With coronavirus information not required to be reported by nursing homes until mid-April, a full picture of the virus’ spread among all states has yet to become available, as the number of deaths could also change, Newsweek was told by Cristina Crawford – public affairs manager for the American Health Care Association.
Nursing Homes Reports: What the Numbers Really Say
Reports, however, are a decent indicator of the ongoing situation. 23 states have seen more than a quarter of their nursing homes and long-term care facilities’ residents and staff die to COVID-19, data from Henry J. Kaiser Foundation for April shows, adding that close to 51,000 new cases were reported in such facilities by the end of April.
The New York Times also published an analysis last month, estimating that as many as 1 in 5 deaths from COVID-19 occurred in long-term care facilities or nursing homes, which were also affected by the massive influx of patients and not enough staff. New York’s former lieutenant governor and founder of the Committee to Reduce Infection Deaths, Betsy McCaughey, referred to nursing homes as “death pits,” per The Times.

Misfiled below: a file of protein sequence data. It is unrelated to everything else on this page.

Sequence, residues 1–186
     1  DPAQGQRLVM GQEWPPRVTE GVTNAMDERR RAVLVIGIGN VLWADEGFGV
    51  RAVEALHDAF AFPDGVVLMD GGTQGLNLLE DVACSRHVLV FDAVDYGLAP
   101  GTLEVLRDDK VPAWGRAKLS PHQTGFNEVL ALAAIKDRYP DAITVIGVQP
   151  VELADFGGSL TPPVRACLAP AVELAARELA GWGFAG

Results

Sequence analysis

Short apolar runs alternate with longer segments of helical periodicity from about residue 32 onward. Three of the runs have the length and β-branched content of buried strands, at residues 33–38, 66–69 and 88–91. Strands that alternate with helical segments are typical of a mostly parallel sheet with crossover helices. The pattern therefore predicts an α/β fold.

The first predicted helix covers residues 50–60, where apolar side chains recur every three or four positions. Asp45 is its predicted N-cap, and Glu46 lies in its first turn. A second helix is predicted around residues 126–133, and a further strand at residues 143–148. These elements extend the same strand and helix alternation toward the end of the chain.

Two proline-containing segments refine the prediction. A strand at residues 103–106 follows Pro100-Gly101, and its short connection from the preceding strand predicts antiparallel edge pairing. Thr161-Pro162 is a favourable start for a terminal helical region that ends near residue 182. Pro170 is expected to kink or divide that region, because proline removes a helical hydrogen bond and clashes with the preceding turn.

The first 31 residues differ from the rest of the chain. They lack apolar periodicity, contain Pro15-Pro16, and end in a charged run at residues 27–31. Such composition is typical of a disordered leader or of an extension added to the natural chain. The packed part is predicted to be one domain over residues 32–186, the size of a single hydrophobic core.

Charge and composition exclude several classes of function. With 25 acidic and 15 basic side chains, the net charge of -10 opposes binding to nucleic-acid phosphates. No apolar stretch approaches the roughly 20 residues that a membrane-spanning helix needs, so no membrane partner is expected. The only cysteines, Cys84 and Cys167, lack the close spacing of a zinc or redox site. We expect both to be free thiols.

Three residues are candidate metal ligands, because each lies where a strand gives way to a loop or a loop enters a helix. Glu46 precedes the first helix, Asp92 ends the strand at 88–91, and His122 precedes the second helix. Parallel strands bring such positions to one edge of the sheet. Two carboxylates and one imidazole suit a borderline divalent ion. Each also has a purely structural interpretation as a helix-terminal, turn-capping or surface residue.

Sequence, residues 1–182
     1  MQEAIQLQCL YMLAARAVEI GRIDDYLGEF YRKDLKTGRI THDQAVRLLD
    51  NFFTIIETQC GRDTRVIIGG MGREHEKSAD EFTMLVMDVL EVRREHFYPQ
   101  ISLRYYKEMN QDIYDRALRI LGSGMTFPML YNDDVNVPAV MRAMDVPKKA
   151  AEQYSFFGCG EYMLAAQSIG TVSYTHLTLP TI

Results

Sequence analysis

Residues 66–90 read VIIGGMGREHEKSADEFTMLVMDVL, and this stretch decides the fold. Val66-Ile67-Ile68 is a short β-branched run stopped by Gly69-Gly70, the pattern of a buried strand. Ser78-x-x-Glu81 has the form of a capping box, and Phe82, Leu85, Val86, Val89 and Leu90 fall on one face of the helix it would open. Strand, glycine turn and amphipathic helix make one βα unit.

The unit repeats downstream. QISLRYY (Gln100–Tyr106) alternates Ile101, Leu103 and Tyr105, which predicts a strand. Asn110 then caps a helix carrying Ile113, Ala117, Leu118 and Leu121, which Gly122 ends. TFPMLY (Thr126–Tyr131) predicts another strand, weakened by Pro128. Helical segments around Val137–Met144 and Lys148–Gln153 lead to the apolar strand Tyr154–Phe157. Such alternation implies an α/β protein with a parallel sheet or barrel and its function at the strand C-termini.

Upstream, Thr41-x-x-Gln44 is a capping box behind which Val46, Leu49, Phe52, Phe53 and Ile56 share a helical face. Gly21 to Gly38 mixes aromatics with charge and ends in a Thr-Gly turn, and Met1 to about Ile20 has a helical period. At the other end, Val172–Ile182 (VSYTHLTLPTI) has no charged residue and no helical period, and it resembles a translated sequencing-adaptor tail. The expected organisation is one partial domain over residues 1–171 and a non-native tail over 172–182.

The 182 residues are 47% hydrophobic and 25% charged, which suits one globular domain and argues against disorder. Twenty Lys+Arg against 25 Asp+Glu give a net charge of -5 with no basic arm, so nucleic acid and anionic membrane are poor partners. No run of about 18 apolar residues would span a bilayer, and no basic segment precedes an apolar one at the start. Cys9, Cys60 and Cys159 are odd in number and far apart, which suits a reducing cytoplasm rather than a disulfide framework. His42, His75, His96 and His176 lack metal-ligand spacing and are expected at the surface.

April has been the worst month for the nation by far, with more than 57,000 reported deaths, the Johns Hopkins University data shows. New York State remains the epicenter of the outbreak in the US, although states like Illinois, Pennsylvania, Connecticut, and Michigan are being overrun by cases in assisted living centers or nursing homes.
The HHS issued guidance on infection control in April, also making it a requirement for such facilities to report any and all information that they have about people infected by the virus. Crawford also said that long-term care facilities had been directed to use their emergency preparedness plans on infectious diseases to limit the spread of the virus as much as possible.